Many of us are beginning our week this Monday with a mindset we are not accustomed to. Resolutions firmly planted in our minds, we will make that first trek to the gym, or attach that inaugural nicotine patch to our shoulders before heading off to work.
Good for us. Day one, and we’re on the program. No Whopper for lunch for us today. Our freshly calibrated pedometer is ticking off our steps, the steps we’ve chosen over the elevator.
We have an infinite set of tools to help us reach our goals. Watch 5 minutes of television today and expect to see models with great tans and 6 pack abs ripping off reps on the ab wheel/roller/rocker/smasher, which also will apparently give us tremendous chest and bicep muscles. There are “you can do it” diet ads everywhere. Everybody seems to want to help you, for three payments of $19.95…
Did you tell someone what you’re doing?
I hope you did, because if you did, you have a really good chance of making it. Here’s why.
The idea of a solitary journey, one mind over matter, the solo conquering of a perceived flaw in our beings seems perfectly workable. But it’s likely going to result in a fail that will disappoint.
Every week I have to face J, a man I call my “surrogate conscience”. We greet each other on Skype, and after exchanging pleasantries he says, “How is John?”
This is the moment of accountability.
J is not a therapist, he’s not a life coach, he’s not clergy or a Scientologist or a doctor of any type. He is someone who’s concerned about my success, and has no problem holding me accountable for my flaws and fails and my occasional wins. I realized about 2 years ago that achieving the things I care about comes with all kinds of roadblocks. There are personal issues, professional potholes and several other things that create inertia in my life. J offers no cures, has no five-step program, and has no patents on any type of ab roller/smasher/crusher. He’s just a guy, a friend, but the kind of friend who is unencumbered by politeness. He calls BS when he thinks he sees it, and I respect his opinions.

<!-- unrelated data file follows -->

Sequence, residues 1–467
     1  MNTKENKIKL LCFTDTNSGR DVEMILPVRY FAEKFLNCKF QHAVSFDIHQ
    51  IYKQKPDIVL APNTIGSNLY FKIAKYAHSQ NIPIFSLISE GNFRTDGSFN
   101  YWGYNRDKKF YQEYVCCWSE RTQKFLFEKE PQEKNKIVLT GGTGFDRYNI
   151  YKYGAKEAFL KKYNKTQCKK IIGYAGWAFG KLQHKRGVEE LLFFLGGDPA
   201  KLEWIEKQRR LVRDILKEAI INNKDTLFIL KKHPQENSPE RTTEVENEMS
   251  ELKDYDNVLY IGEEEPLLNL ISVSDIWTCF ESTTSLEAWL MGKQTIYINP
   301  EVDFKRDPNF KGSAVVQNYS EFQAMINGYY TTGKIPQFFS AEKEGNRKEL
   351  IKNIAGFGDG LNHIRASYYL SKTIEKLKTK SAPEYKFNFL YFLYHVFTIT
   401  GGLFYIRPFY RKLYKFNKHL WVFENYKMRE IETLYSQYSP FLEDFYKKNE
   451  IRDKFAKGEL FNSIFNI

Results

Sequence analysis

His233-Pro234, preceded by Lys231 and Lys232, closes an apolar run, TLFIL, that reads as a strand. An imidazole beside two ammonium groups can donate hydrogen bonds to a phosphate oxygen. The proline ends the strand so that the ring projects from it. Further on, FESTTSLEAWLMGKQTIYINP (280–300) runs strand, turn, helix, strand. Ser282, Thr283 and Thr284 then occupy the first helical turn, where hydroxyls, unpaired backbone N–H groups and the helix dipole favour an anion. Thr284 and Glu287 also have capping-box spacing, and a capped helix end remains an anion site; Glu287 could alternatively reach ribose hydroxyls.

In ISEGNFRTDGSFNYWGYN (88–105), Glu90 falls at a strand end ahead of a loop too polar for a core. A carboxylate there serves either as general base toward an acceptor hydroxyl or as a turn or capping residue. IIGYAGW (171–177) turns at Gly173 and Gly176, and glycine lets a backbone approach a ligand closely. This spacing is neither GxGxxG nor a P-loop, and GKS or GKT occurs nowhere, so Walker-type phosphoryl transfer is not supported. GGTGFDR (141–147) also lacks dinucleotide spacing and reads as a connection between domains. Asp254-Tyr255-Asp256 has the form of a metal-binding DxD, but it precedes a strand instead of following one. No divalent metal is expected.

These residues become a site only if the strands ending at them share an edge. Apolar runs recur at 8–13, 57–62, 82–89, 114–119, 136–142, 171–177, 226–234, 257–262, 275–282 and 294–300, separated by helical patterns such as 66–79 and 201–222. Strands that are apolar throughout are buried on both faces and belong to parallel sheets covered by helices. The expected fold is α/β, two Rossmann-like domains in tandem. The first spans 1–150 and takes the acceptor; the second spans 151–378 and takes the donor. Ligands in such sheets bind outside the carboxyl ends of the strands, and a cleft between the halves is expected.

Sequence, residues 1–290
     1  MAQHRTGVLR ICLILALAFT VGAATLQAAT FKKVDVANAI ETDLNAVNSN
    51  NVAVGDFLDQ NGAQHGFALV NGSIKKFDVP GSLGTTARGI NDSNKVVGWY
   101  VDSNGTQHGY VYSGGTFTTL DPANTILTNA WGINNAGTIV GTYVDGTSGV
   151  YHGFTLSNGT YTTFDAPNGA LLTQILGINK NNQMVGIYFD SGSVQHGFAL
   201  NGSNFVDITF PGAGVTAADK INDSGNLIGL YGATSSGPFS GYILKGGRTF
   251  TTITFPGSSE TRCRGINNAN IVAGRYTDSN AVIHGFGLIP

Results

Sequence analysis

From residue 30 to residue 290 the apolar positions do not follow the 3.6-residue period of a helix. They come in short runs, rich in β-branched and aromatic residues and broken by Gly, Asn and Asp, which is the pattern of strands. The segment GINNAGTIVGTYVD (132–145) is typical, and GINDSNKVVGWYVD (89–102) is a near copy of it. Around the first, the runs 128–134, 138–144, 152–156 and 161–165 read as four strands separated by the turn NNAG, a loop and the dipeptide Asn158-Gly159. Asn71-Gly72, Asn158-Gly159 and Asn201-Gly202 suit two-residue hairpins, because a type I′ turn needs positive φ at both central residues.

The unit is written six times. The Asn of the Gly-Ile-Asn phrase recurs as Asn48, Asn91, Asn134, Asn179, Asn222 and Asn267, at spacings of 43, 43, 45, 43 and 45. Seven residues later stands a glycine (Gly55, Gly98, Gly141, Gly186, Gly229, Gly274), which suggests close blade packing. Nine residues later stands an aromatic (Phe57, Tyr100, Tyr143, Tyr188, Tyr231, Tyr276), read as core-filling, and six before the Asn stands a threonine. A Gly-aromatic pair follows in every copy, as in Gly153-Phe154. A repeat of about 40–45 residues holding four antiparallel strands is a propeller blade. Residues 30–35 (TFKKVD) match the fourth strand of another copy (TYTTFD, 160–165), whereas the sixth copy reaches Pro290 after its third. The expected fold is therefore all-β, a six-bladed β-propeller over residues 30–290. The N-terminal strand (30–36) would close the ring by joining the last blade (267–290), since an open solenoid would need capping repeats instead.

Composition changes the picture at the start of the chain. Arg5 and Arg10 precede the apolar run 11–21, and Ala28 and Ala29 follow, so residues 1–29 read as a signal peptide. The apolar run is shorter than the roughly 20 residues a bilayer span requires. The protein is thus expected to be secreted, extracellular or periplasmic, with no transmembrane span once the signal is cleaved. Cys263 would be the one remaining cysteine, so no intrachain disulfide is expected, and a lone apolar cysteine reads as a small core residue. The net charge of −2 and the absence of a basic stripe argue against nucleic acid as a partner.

I have a friend who asks me questions about goals he has set for himself. I always tell him, “The only person I care about is you.” This enables me to call him out when I think he’s on the wrong track. I am someone who is genuinely concerned about my friend’s success. My only agenda with him is providing some support, so he doesn’t have to go it alone.
Imagine getting advice from someone who likes you enough to tell you the truth but doesn’t love you too much. Wow, right?
I have found a person who knows me well, but is not blinded by loyalty. J is a “friend”, yes, but he says things to me that no friend of mine would normally dare utter. He is not an expert in my career field, yet he knows enough to be familiar with it. This permits him to offer challenges and questions that allow me to consider options without feeling like I’m being told what to do.
I fail most of the time, you should know. I fail over and over again. I need to be able to tell you how often I fail; I’m a writer, not an industry or an infomercial. I can’t try and put up a facade of success, because it would be BS. Most of the time I don’t get it right. What I get out of this relationship with J is the motivation to try again, and this is the essence of the promises we make to ourselves. It’s an ongoing process, with dips and bumps and crashes. Things come up. Delays occur. Life happens.
Good luck on your goal. hope you told someone about it. If you tell me, it stays between us.
John Scott is an instructor, online education coordinator and the career services manager at the School of Multimedia Communications, Academy of Art University, San Francisco. John’s debut book, “Destination: Reinvention” is available as an eBook on Amazon, an audiobook on iTunes and a hardcover on Lulu.
Follow John on Twitter @johnscottsf.